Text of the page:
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The second match of the show is The Head Bangers and Darren Drozdov vs. Kaientai, so of course porn star Val Venis and James Deen dot com guest star Mrs. Yamaguchi-san show up and cause a distraction by standing at the top of the ramp and sexy dancing. “Sexy” dancing in quotes, I guess, because it looks more like the first five minutes of a Dancing Bear video, when the male stripper’s still trying to convince the porn lady pretending to be a bachelorette party guest to loosen up and have fun.

After the distraction is successful and Kaientai loses, Val sends Mrs. Yamaguchi-san to the back and wanders down to ringside to flirt with Amy Hunter Cornelius. Mario Lopez tries to shake Val’s hand and gets ignored, and Val PIE-FACES him for trying to put himself between his co-star and elevated Canadian porno sexual harrassment. Venis doesn’t remember that Lopez once turned down a wrestling scholarship to the University of Iowa to go to California University with his friends, and catches a spear for his ignorance.

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You don’t get to be a sexy beach bike cop by letting people swivel their hips at your co-workers. Now I’m retroactively upset that this didn’t lead to Val Venis vs. Mario Lopez at SummerSlam, with Dustin Diamond and Mark-Paul Gosselaar in his corner. Mark-Paul could’ve been a mark Paul E. and hit someone with his big Zack Morris phone. It could’ve ended with Val hooking up with Elizabeth Berkley and spiriting her away to Las Vegas to become a showgirl.


Amy Hunter Cornelius – ?
Mario Lopez – ??
Mario Lopez’s spear – ??
Mrs. Yamaguchi-San: ???
Mrs. Yamaguchi-San dancing – ❄️
An All New Episode Of Pacific Blue, Coming Up Next – ❄️?❄️


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There’s not really a place for it in the recap, but the Heat edition of “Droz’s World” features both a story about how he once threw up all over Mark Henry during training, and how he’s got a tattoo on his ass of … [squints] Odie from Garfield committing suicide? How did this guy not get over?

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Also guest starring from an all-new episode of Pacific Blue is Shanna Moakler, presumably the only woman to ever date Billy Idol, Oscar De La Hoya, Travis Barker, and Dennis Quaid. Talk about casting a wide net. They misspell her name on the Alternating Caps graphic, because the graphics team has already spent too much time putting over the sexy bicycle show.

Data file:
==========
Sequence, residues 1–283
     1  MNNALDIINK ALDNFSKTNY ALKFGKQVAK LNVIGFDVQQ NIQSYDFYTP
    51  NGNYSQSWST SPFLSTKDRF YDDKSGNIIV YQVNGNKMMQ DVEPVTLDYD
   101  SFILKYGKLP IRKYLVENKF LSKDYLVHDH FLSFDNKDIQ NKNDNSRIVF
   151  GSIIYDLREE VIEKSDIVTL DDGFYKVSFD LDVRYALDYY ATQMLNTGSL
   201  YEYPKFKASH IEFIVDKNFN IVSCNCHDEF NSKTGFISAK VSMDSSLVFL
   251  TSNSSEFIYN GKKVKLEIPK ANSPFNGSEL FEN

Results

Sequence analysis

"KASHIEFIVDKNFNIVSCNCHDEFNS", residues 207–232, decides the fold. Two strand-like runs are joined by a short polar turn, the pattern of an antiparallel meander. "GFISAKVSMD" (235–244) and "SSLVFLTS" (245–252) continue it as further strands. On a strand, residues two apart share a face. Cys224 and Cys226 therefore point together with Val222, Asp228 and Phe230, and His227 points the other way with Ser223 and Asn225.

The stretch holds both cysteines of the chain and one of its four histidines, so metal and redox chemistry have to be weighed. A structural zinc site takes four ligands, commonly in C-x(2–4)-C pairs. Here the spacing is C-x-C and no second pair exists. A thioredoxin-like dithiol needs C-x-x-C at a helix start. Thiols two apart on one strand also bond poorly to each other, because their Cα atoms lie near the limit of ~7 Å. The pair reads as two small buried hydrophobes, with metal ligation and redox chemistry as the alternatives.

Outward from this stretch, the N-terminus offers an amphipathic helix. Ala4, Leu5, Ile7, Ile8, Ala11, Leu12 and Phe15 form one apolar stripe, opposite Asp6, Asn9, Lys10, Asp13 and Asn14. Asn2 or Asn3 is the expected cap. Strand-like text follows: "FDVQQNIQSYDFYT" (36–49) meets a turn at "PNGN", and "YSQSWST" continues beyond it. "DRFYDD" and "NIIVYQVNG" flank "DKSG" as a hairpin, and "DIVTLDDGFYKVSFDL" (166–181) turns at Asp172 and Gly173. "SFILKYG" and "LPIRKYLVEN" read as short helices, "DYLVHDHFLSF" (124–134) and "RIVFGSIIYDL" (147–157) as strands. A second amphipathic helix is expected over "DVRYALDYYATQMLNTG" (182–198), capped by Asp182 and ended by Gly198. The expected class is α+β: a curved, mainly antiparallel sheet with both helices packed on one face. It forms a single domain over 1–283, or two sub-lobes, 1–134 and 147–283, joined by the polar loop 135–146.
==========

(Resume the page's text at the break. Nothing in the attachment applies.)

Per Wikipedia:

In seasons four and five Moakler played Officer Monica Harper, described as the trouble-maker rookie. Moakler has admitted that, even equipped with a $5,000 Trek bike, she was somewhat accident-prone on the set, saying that when the cast had to “ride really close together for the camera” they would often “crash into each other like idiots and end up in a big ball of arms and legs.”

Shanna interviews “Lefty,” previously known as Bart Gunn. Bart is being called Lefty because he knocked out Dr. Death Steve Williams with a big left hand in the Brawl for All tournament on this same set of tapings. Shanna asks Lefty if he can “show her some of his moves,” and you haven’t lived until you’ve seen an accident-prone pageant contestant interview the less impressive half of a wrestling cowboy team about being a boxing scientist.


Shanna Moakler, – ???
Bart Gunn – ❄️
“Lefty” – ❄️❄️❄️❄️


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The first episode of Sunday Night Heat needs a little star power, so they have Stone Cold Steve Austin end the show with a nothing interview, and have D-Generation X spend like 10 minutes in the ring putting themselves over. The major thing you need to notice here is that this might be the worst Triple H has ever looked on television. Brother’s out here looking like Janis Joplin got caught in an electrical storm. He and X-Pac are going to have a one-on-one match on Raw “tomorrow night” to see who will face The Rock at SummerSlam — quick, guess who wins — and both promise to suck it right down the middle.